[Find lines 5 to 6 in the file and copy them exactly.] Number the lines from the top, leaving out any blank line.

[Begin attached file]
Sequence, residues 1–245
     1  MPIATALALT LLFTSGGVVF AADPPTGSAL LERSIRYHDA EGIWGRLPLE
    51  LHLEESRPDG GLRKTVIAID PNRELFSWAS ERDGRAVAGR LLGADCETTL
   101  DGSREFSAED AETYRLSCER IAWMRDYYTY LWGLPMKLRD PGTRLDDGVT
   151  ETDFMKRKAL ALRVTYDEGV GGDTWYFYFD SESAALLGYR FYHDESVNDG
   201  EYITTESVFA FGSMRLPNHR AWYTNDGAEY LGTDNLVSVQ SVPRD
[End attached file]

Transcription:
   151  ETDFMKRKAL ALRVTYDEGV GGDTWYFYFD SESAALLGYR FYHDESVNDG
   201  EYITTESVFA FGSMRLPNHR AWYTNDGAEY LGTDNLVSVQ SVPRD